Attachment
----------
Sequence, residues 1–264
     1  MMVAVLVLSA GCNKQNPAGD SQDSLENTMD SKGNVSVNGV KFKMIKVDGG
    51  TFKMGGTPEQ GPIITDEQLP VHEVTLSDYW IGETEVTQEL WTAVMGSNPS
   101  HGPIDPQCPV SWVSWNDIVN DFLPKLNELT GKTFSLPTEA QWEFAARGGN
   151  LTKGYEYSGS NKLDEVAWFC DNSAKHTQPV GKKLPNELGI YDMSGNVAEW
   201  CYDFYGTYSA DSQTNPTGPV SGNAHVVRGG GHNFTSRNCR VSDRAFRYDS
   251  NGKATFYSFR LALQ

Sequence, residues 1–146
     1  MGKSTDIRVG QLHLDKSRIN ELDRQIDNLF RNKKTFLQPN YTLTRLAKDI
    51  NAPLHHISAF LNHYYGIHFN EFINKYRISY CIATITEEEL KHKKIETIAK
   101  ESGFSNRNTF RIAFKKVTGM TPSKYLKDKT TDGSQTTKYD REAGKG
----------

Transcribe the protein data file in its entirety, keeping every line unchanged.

Sequence, residues 1–264
     1  MMVAVLVLSA GCNKQNPAGD SQDSLENTMD SKGNVSVNGV KFKMIKVDGG
    51  TFKMGGTPEQ GPIITDEQLP VHEVTLSDYW IGETEVTQEL WTAVMGSNPS
   101  HGPIDPQCPV SWVSWNDIVN DFLPKLNELT GKTFSLPTEA QWEFAARGGN
   151  LTKGYEYSGS NKLDEVAWFC DNSAKHTQPV GKKLPNELGI YDMSGNVAEW
   201  CYDFYGTYSA DSQTNPTGPV SGNAHVVRGG GHNFTSRNCR VSDRAFRYDS
   251  NGKATFYSFR LALQ

Sequence, residues 1–146
     1  MGKSTDIRVG QLHLDKSRIN ELDRQIDNLF RNKKTFLQPN YTLTRLAKDI
    51  NAPLHHISAF LNHYYGIHFN EFINKYRISY CIATITEEEL KHKKIETIAK
   101  ESGFSNRNTF RIAFKKVTGM TPSKYLKDKT TDGSQTTKYD REAGKG